(E)-Stilbene

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For the class of antioxidant compounds that share the same chemical skeleton see stilbenoids.
(E)-Stilbene
trans-stilbene - skeletal formula
trans-stilbene - ball-and-stick model
Identifiers
CAS number 103-30-0 YesY
PubChem 638088
ChemSpider 553649 YesY
ChEBI CHEBI:36007 YesY
ChEMBL CHEMBL113028 YesY
Jmol-3D images Image 1
Image 2
Properties
Molecular formula C14H12
Molar mass 180.25 g mol−1
Appearance Solid
Density 0.9707 g/cm3
Melting point 122-125 °C
Boiling point 305-307 °C
Solubility in water Practically insoluble
Hazards
MSDS External MSDS
NFPA 704
Flammability code 1: Must be pre-heated before ignition can occur. Flash point over 93 °C (200 °F). E.g., canola oil Health code 1: Exposure would cause irritation but only minor residual injury. E.g., turpentine Reactivity code 0: Normally stable, even under fire exposure conditions, and is not reactive with water. E.g., liquid nitrogen Special hazards (white): no codeNFPA 704 four-colored diamond
Flash point >112 °C
Except where noted otherwise, data are given for materials in their standard state (at 25 °C (77 °F), 100 kPa)
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Infobox references

(E)-Stilbene, is a diarylethene, i.e., a hydrocarbon consisting of a trans ethene double bond substituted with a phenyl group on both carbon atoms of the double bond. The name stilbene is derived from the Greek word stilbos, which means shining.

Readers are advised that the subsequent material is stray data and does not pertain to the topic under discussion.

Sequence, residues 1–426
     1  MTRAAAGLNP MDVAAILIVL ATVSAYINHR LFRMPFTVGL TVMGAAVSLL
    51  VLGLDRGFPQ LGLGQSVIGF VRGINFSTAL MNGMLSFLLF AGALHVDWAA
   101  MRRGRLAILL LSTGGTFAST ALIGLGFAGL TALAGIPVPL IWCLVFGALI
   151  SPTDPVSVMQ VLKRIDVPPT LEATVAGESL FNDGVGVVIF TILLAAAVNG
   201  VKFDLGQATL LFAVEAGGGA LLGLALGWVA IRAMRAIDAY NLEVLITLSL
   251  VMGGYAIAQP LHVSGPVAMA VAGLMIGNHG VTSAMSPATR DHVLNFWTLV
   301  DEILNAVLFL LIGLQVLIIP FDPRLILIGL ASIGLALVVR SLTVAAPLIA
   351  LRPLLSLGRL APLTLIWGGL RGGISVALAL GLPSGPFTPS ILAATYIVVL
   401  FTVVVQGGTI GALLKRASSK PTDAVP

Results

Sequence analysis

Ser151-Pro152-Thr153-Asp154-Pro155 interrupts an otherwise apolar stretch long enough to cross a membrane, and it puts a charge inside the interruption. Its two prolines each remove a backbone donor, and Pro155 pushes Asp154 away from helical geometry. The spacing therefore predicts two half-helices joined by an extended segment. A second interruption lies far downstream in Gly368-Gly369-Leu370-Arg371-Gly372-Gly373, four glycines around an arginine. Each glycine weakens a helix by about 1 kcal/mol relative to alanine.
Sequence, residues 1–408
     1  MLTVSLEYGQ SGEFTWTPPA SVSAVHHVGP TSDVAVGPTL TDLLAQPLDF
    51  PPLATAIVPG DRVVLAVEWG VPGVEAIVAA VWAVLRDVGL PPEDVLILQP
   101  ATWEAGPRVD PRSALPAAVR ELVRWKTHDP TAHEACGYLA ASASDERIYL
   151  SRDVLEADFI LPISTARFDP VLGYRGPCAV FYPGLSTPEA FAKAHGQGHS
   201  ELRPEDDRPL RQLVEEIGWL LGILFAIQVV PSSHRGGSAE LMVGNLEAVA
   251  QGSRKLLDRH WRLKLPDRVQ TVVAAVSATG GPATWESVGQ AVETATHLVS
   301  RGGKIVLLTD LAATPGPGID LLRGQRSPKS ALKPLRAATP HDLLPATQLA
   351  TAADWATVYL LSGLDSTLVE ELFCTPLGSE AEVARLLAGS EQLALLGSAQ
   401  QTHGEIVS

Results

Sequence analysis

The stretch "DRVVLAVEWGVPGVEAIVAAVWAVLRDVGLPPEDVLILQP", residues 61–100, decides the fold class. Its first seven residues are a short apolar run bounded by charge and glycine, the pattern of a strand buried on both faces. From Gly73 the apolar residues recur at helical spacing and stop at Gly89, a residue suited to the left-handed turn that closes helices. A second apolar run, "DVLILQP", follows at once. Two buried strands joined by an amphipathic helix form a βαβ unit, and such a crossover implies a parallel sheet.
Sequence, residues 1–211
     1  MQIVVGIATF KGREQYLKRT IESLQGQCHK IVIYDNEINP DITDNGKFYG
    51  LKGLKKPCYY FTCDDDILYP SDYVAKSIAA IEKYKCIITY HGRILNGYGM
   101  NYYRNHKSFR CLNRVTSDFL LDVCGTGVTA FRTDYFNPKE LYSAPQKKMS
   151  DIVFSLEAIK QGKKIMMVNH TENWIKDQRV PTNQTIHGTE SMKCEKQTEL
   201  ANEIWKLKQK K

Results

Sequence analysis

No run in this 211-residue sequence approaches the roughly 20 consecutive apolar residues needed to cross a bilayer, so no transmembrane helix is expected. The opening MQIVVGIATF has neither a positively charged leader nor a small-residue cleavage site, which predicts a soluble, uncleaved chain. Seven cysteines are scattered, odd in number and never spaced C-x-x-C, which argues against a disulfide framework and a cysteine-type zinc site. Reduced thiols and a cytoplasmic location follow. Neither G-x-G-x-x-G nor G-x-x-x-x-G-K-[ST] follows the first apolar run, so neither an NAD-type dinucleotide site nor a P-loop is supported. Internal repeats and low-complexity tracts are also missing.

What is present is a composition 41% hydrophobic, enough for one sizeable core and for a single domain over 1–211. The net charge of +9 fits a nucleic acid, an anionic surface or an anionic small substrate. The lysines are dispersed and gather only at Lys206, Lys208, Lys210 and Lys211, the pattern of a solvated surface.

Isomers[edit]

Stilbene exists as two possible isomers. The first is trans-1,2-diphenylethylene, called (E)-stilbene or trans-stilbene. The second is cis-1,2-diphenylethylene, called (Z)-stilbene or cis-stilbene, and is sterically hindered and less stable because the steric interactions force the aromatic rings out-of-plane and prevent conjugation[citation needed]. (Z)-Stilbene has a melting point of 5–6 °C, while (E)-stilbene melts around 125 °C, illustrating the two compounds are quite different in their physical properties.

Table 1. Vapor pressures[1]

Isomer Temperature, °C Vapor pressure, kPa
cis-stilbene 100 0.199
cis-stilbene 125 0.765
cis-stilbene 150 2.51
trans-stilbene 150 0.784

Uses[edit]

Chemistry[edit]

  • Stilbene will typically have the chemistry of a conjugated alkene, i.e., a diarylethene.
  • Trans- and cis-stilbene can interconvert under the influence of light.

References[edit]

  1. ^ Lide, David (1995). CRC Handbook of Chemistry and Physics, 76th edition. USA: CRC Press, Inc. pp. 6–107. ISBN 0-8493-0476-8. 

External links[edit]